How engaging is FP&A really?

I've just gotten an offer for Senior Analyst FP&A in an F500 company. I'll mostly be in charge of analysis and projections for their opex. The offer is great in terms of compensation, benefits and WLB however I am only left wondering about how engaging the work actually is.

I come from a pure mathematics background and my hope would be to at least get to apply intricate statistical techniques to get good projections and also keep myself engaged. But how likely is this really? Is the financial modeling in this kind of role really open to this level of sophistication or will I get bored in a couple of months?

Comments (40)

Most Helpful
Dec 28, 2021 - 5:47am

It isn't.  It's actually quite repetitive but it will develop your executive presentation skills and give you oversight over large areas of the business, so there's that. 

In terms of forecasting techniques, chances are that what you have planned is overkill, but I sort of wish I'd had that toolkit for forecasting back when I did FP&A.  The more precise your forecasts the better, and oftentimes it would end up either being a complete guess using historical data/simple regressions or assumptions related to things we foresee, or you got stuck with a GIGO result.  I expect you'll get bored fairly quickly but you might get a kick out of challenging yourself to improve the level of precision with each subsequent forecast.  But still, diminishing returns will be inevitable.  It's just a role that isn't really conducive to creativity - you plan/budget, update forecasts, and investigate then craft explanations wherever you see variances or outliers. Update deck for weekly/monthly reviews.  The end.  

Any time you come across something highly unusual that might make for a decent story and keep you entertained or intrigued, but that's been more the exception in my experience.  But I actually happen to enjoy FP&A due to the access and visibility to decisionmakers, the development of your presentation and trend analysis skills, and the knowledge you gain about multiple aspects of a company's operations.  It's opened many doors for me into other areas.  Best of luck! 

  • 15
Dec 28, 2021 - 8:23am

This is the best explanation I've seen of FP&A.

I'll add that if the company is younger or recently switched reporting systems, there will be lots of opportunity for process improvement. Since joining my new company, I've rebuilt around 80% of all reports. This gives you a lot of exposure to senior leadership as I'm the only one who knows how they were built, so lots of people come to me with questions

  • Associate 1 in CB
Dec 28, 2021 - 8:37am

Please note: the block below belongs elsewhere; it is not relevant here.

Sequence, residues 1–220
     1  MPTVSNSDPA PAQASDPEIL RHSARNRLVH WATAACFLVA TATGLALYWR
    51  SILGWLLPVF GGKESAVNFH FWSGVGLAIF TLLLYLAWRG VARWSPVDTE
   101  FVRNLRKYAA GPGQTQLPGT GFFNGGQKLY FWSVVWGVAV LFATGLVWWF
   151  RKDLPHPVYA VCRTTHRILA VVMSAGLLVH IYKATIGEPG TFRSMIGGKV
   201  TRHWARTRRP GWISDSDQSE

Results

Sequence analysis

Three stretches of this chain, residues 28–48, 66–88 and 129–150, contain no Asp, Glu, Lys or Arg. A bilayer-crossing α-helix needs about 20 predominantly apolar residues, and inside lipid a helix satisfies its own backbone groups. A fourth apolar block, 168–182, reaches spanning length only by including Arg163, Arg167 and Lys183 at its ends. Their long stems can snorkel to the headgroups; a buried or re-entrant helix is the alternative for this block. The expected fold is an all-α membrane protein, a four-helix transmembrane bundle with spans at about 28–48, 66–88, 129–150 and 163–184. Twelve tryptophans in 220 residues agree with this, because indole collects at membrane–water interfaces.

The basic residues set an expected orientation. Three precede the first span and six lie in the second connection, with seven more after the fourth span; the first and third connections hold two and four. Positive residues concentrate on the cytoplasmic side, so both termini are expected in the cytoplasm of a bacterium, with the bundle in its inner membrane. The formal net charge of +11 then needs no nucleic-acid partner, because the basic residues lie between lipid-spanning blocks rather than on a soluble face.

Thank you all for your explanations. I guess I'll get ready to get paid like a doctor for essentially being an Excel monkey. I'll try to make it fun for myself though.However I do believe that this indicates this position should be a learning experience and a stepping stone for me to get relevant finance experience and in a few years find a good exit. What are some interesting paths that would follow from FP&A as a senior analyst? What are the odds of landing a more direct investment role? Would spending time getting the CFA be a worthwhile investment?

Dec 28, 2021 - 6:47pm

If you stay on the path and do well,  and are willing to move around (both geographically and within company), you'll be part of the small talent pool from which the company draws talent for exec roles.  Mostly because you'll be able to speak intelligently about strategy and operations in addition to Finance and will be well known by leadership by then.   Outside companies will also poach you aggressively as you move up.   

If you decide on an MBA then the standard IB/Consulting options apply.  I consider an FP&A background advantageous for these roles due to the level of analysis and KPI tracking, your presentation experience, relationships w/ management, and all the ad-hoc projects you'll have been assigned.  You'll be able to speak to these experiences on a value added basis (IB and Consulting are basically project management roles immediately post-MBA).  It also makes for a very easy "why IB/Consulting?" story

Some operationally focused PE companies recruit FP&A professionals (typically Senior Manager - Director level within F100) to help w/ their portfolio companies (This was one of the doors opened to me). I haven't updated my Linkedin yet to reflect the result as I'm still new, but I've since moved on to my dream role.

If you're after direct investment roles the CFA would be a good signaling tool, but you'd still also have to go through the usual networking marathons, have a perfect story, and hope someone takes a flyer on you.  Not impossible as I managed to successfully help someone when I was in role - but I can count on one hand the number of times I've seen it successfully done start to finish.  It's far too networking dependent. 

Bottom line:  kill it and you will have options.  

  • 10
Dec 30, 2021 - 3:02pm